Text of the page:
Last edited by PTrenholme; 02-10-2010 at 12:02 PM.
 
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Old 02-10-2010, 01:09 PM   #7
BorisTheSpider
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...and closer...

Well, you were right. I had wpa_supplicant running at boot. I have disabled it, but left it running.

The problems of my original post, however, are still there. Upon reboot, Network Manager does not detect any wireless networks, and my wireless card is off. If I run service network restart (or restart it from the Services gui), my wireless card turns on, and Network Manager detects nearby wireless networks. I can left click on the Network Manager tray icon to see a list of detected networks.

If the nearby wireless networks are open or WEP encrypted, they appear in black text, but any WPA encrypted network appears in greyed (un-clickable) text.

You said that Network Manager ignores wpa_supplicant.conf files, and does some "on-the-fly" configuration. How can I intervene to tell NM how to connect to the network I wish? I have a WPA network at home and at work to play with.

To be clear, as it is configured at this time, upon reboot:

Network Manager is Enabled, and Running
network is Disabled, and Running
wpa_supplicant is Disabled, and Running

Again, thank you for your replies.
 
Old 02-10-2010, 05:21 PM   #8
PTrenholme
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Briefly looking at this thread, I don't see where you've told us precisely which WIFI card you have in your system, nor which specific driver you're using. Your first post in the thread does mention that
Quote:
I'm sure my wireless card supports WPA, at least I hope I can rely on those lines in [dmesg] that say so.
but you don't display those messages.

Since all the WPA-protected APs your system identifies are "grayed-out," I'm wondering if you're using an older device driver that doesn't support WPA or WPA2 access.

On my laptop, I use the ath5k driver, so I'd list every line in the dmesg output generated by that driver like this:
Code:
$ dmesg | grep -i ^ath5k
ath5k 0000:03:00.0: PCI INT A -> Link[LK4E] -> GSI 19 (level, low) -> IRQ 19
ath5k 0000:03:00.0: setting latency timer to 64
ath5k 0000:03:00.0: registered as 'phy0'
ath5k phy0: Atheros AR2425 chip found (MAC: 0xe2, PHY: 0x70)
ath5k phy0: unsupported jumbo
Perhaps similar output from your system would be helpful.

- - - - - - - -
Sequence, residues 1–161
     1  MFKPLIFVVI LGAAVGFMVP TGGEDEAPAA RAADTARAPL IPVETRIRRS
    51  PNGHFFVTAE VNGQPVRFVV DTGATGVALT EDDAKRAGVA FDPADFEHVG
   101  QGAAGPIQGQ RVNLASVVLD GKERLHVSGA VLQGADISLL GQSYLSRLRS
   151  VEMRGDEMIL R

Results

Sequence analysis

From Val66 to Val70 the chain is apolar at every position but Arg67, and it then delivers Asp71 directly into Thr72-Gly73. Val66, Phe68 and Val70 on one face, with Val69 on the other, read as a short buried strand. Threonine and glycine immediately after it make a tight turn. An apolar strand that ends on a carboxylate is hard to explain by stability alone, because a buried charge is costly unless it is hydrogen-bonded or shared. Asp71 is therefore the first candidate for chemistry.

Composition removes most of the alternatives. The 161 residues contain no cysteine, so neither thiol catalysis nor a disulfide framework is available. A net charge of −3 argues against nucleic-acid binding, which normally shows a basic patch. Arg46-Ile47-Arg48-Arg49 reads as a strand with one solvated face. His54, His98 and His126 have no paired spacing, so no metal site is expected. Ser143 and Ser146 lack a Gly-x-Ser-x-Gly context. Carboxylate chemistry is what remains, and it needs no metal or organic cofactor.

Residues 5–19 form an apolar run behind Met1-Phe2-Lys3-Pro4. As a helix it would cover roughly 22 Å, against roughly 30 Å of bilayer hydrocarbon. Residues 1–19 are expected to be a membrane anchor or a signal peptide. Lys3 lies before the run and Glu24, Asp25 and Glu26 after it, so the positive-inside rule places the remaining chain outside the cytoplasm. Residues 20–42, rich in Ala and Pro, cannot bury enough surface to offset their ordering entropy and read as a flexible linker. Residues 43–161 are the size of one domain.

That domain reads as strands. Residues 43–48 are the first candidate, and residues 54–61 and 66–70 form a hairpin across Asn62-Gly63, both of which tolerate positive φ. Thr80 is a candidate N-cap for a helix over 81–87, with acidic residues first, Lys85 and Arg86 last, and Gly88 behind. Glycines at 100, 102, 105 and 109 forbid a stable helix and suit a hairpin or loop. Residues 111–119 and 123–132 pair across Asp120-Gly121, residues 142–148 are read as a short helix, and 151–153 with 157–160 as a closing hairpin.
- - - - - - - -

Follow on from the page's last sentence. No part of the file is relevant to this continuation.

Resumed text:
Old 02-10-2010, 05:44 PM   #9
BorisTheSpider
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You're correct. I was hoping to avoid that, since some websites claim my card does not support WPA, and some websites say it does support WPA. dmesg says it does:
Code:
dmesg | grep -i airo
airo(): Probing for PCI adapters
airo 0000:02:02.0: PCI INT A -> Link[LNKC] -> GSI 11 (level, low) -> IRQ 11
airo(): Found an MPI350 card
airo(eth0): Firmware version 5.60.08
airo(eth0): WPA supported.
airo(eth0): MAC enabled 00:0e:9b:68:c7:fc
airo(): Finished probing for PCI adapters
lspci reports the card in question:
Code:
02:02.0 Network controller: AIRONET Wireless Communications Cisco Aironet Wireless 802.11b
 
Old 02-11-2010, 03:46 PM   #10
PTrenholme
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O.K., I just asked Google to tell me what Linux drivers were available for that device, and the Cisco-supported FOSS one listed here was this one:
Code:
3.16 Cisco/Aironet 802.11 (Cisco driver)
Driver status : 	stable (rock solid)
Driver name : 	ISA, PCI : airo.o
Pcmcia : airo_cs.o
Version : 	2.1
Where : 	http://www.cisco.com/public/sw-center/sw-wireless.shtml
Maintainer : 	Cisco
Documentation : 	Text files
Configuration : 	Cisco utilities, Wireless Extensions
Statistics : 	Cisco utilities, Wireless Extensions
Modes : 	Managed, Ad-Hoc
Security : 	WEP (hardware), AES (host), MIC
Scanning : 	No
Monitor : 	No
Multi-devices : 	-
Interoperability : 	802.11-DS and 802.11-b, interoperate with Windows
Other features : 	-
Non implemented : 	-
Bugs : 	-
License : 	Cisco open source license
Vendor web page : 	http://www.aironet.com/
So, check to see if that's the driver you're using. I looked at the drivers the Fedora automatically installs, and both the airo and the airo_cs (see section 3.14 in the URL I referenced above) ones were in /lib/modules/`uname -r`/kernel/drivers/net/wireless/, and the airo_cs one is supposed to support WPA (but perhaps not WPA2).

If you've got the airo version installed, try this:
Code:
$ su -
Password:

# modprobe -r airo

# modprobe airo_cs
If that gets WPA working, you may need to add airo to the "blacklist" in /etc/modules.
 
Old 02-11-2010, 04:25 PM   #11
BorisTheSpider
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You may have already guessed that I am kinda new at this. Fedora 9 was my first Linux OS, and I ain't goin' back to windoze. The internet is a wonderful tool for learning, so every so often I run dmesg to see if there are any errors, and I copy them and paste them in a search to see if there are any solutions.